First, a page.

It’s hard to wax nostalgic about the early days of the sports blogosphere without sounding like a jackass, because it was inevitably going to change and mostly for the better. Also, it’s blogs and no one wants to hear them discussed like they’re SERIOUS BUSINESS. One thing, however, that has been lost since those heady days of, oh, a decade ago is some of the camaraderie that existed in the community has been lost. Sure, writers will still compliment one another and swap jokes on Twitter but in a lot of ways it’s also become a lot more cutthroat and cynical. Money – and we’re not even talking about a lot of it – will do that.
Take crediting, for example. There used to be a tacit rule that blogs would credit other blogs for unearthing a useable story/video/quote/whatever. That still happens, but to a significantly lesser degree than it used to. More often nowadays, a blog will link directly to the media in question with no reference to who found it or had it first. Readers largely don’t care about these sort of inside-blogball things, but it can be infuriating to see a site with a massive audience get beat on a story by a smaller site only for that more popular site to write its version of the post pretending that the author found the content on their own, when it’s easy to see, if you pay attention, who had what first.
Some sites don’t even do that much in the way of crediting. Of course, there were hacky, lazy sites a decade ago just as there are now and always will be. Because being hacky and self-serving is easier and usually more profitable than being good and considerate.
This is all a roundabout way of saying NFL Memes is an unscrupulous, plagiarizing pile of shit. I stumbled on its Twitter feed during this past NFL season and continued to follow it even though its feed is mostly filled with dumb image macros with jokes that rarely achieve more sophistication or cleverness than DURR HURR TONY ROMO EQUALS SCREENSHOT OF MAN CHOKING because every once in a while they have something funny. However, the more I paid attention to them, the more I noticed their images – which usually come slapped with their watermark – would appear elsewhere first.
NFL Memes usually links to posts on a site called Daily Snark. Its Twitter feed has 223,000+ followers and its Facebook page has more than 850,000 likes. It’s insanely popular for something that’s more or less a storehouse for the work of others.
The Daily Snark (itself an incredibly lazy and generic name for a site) is where the viral and slideshow-friendly content they find goes. Like KSK, they’ve posted quite a few “NFL logos as _____” style posts. It should be said, though, that KSK is at least responsible for creating some of those ideas instead of just reblogging them and vulturing traffic. In the cases when KSK has posted the work of others, as with the Pixar animator’s NFL sketches, we’ve made it very clear that we’ve done so and linked to the source.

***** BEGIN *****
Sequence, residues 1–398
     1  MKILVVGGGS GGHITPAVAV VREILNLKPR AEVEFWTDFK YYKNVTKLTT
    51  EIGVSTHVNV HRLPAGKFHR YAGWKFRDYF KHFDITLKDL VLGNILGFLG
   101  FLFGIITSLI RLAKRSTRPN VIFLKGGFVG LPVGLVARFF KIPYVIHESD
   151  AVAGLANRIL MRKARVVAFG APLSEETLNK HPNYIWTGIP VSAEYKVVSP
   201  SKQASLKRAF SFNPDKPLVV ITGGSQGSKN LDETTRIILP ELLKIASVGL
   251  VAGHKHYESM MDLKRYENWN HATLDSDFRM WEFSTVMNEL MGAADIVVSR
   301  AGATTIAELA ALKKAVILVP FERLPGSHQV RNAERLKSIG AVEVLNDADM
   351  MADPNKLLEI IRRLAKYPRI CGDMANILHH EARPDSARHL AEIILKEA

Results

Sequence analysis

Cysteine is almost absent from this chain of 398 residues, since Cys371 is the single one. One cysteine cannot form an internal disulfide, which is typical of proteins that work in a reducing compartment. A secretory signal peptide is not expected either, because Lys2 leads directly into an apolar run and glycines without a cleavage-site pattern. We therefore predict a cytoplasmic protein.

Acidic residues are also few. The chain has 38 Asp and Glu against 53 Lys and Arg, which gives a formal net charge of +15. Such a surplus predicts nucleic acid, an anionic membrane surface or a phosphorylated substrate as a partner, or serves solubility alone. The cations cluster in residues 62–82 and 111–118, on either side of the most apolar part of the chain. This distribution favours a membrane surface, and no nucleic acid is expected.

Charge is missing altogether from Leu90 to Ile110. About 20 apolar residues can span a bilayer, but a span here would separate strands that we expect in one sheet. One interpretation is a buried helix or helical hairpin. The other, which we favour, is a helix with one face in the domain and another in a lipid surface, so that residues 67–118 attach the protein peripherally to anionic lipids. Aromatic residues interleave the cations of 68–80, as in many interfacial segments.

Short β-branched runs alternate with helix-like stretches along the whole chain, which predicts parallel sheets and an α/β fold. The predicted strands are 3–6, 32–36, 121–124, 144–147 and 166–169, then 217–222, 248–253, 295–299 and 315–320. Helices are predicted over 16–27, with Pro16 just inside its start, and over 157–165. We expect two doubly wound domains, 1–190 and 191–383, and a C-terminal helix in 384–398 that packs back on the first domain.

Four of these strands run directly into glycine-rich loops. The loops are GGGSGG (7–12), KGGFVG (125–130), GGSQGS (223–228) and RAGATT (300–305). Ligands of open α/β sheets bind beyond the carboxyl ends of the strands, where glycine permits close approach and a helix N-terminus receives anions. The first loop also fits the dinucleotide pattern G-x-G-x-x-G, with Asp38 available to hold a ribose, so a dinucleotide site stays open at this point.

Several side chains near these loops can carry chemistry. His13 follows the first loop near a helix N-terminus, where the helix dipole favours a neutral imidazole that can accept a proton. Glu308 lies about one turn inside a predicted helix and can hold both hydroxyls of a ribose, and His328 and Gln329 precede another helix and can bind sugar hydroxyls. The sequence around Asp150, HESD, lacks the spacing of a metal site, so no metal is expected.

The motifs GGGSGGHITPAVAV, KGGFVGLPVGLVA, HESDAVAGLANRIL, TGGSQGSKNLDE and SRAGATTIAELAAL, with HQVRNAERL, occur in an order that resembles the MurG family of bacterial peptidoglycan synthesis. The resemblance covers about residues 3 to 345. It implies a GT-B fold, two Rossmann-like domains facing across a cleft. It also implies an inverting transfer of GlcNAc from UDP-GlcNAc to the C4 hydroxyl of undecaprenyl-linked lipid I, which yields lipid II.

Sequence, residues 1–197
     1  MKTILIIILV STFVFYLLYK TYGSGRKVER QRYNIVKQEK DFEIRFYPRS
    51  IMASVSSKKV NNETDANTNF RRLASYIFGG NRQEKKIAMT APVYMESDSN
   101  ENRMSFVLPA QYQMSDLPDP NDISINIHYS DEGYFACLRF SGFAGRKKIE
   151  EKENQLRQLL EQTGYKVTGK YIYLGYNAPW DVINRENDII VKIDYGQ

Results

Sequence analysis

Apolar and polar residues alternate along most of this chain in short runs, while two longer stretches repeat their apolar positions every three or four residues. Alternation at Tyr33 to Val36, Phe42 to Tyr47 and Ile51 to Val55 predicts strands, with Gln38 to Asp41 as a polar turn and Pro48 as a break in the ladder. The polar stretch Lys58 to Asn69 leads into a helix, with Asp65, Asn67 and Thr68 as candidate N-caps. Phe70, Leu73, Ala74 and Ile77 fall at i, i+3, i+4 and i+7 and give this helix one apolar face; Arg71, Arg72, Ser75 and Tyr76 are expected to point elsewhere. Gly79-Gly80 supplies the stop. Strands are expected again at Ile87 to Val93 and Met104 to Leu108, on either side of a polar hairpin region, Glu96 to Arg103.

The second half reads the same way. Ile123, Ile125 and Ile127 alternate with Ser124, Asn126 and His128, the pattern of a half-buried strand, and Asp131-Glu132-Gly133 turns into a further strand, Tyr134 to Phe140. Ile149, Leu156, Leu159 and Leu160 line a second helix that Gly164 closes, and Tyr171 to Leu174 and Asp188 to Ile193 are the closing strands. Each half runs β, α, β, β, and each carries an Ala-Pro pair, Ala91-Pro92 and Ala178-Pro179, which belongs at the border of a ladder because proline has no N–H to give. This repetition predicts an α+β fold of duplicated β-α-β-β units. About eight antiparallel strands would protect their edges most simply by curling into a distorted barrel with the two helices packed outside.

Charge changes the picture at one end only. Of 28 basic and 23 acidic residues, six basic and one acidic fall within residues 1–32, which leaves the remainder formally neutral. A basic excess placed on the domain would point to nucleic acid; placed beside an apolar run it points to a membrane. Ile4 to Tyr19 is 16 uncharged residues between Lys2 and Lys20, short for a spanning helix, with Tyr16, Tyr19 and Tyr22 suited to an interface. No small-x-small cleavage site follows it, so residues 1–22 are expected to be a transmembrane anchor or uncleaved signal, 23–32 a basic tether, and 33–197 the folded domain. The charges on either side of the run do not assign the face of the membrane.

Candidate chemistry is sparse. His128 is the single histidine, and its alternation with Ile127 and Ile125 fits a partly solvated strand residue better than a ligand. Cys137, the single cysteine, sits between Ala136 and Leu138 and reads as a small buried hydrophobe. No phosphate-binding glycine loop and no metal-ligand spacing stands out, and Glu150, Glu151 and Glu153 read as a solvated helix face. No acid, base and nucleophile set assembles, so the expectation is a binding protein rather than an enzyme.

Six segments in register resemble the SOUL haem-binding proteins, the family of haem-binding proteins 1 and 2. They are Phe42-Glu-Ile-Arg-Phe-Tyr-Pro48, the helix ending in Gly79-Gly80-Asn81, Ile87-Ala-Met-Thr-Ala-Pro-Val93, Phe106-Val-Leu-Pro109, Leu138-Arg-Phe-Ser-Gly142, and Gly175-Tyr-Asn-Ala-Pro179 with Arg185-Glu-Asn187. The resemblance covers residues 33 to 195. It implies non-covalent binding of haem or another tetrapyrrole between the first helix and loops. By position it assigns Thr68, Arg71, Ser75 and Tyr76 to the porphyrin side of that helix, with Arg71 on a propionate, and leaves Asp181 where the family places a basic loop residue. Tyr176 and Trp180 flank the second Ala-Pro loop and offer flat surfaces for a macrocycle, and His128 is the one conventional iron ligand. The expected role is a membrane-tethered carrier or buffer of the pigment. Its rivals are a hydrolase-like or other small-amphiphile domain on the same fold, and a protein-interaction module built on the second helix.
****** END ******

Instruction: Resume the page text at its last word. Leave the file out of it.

The Daily Snark, though? Well, take a look:
Hey, they at least mentioned the creator’s name! Is there a link to the source? Sure isn’t. So the Daily Snark ended up with a post that got more than 12,000 shares and probably a shit ton of clicks. Meanwhile, the person who actually created the content got jack shit. Yes, they mentioned his name, but how likely is the average reader to actually search him out when you have all 32 of his creations on that page and no direct link? Not too likely.
Here’s another one:
Don’t be fooled by the hyperlinks in that paragraph. They go to other Daily Snark posts. Once again, they give a brief mention of the creator of the content, but no actual link. Whereas Daily Snark once again tossed all 32 logos on their site and included no link, KSK posted 10 of the logos and included a link to the source, but an encouragement to visit.
It’s awful enough to post artwork made by someone and include as little attribution as possible. It’s another thing to outright steal someone else’s idea, alter it slightly and try to pass it off as your own, but that’s exactly what NFL Memes did last weekend.
About a week ago, I retweeted this picture from a parody account called @PissedCoughlin. As far as topical jokes about Flappy Bird and the Eagles go, it was pretty good!
The new version of Flappy Bird is brutal. pic.twitter.com/mO3WSjI4rv
— Pissed Coughlin (@PissedCoughlin) February 14, 2014
Flash forward to this past Sunday. I’m scrolling through Twitter and what should pop into my feed:
Flappy Bird: Eagles Edition pic.twitter.com/S2WFfNgeFa
— NFL Memes (@NFL_Memes) February 17, 2014
What. The. Fuck. I called them out, as did others. About a half hour later, NFL Memes tweeted a link to PissedCoughlin’s original with a sheepish message of thanks for “inspiration”. By then, their version already had more retweets than the original.
I just checked back today and NFL Memes actually DELETED their admission that they stole the idea from another account. Their Facebook page also has a link to their image with no attribution. So NFL Memes’ fucking rip-off got nearly seven times as many shares as the original and, as far as they’re concerned, it’s theirs.
I know most readers don’t care about these sort of things. People want entertainment and distraction and they don’t care where it comes from or who thought it up. And perhaps the person who runs @PissedCoughlin and all the people who made those logos are just doing it for fun or a hobby and it’s not their livelihood. Still, it sucks that these lazy, deceitful assholes are making money off their work, however silly that work may be. So fuck NFL Memes and all the terrible sites that are like them. The Internet is just the fucking worst sometimes.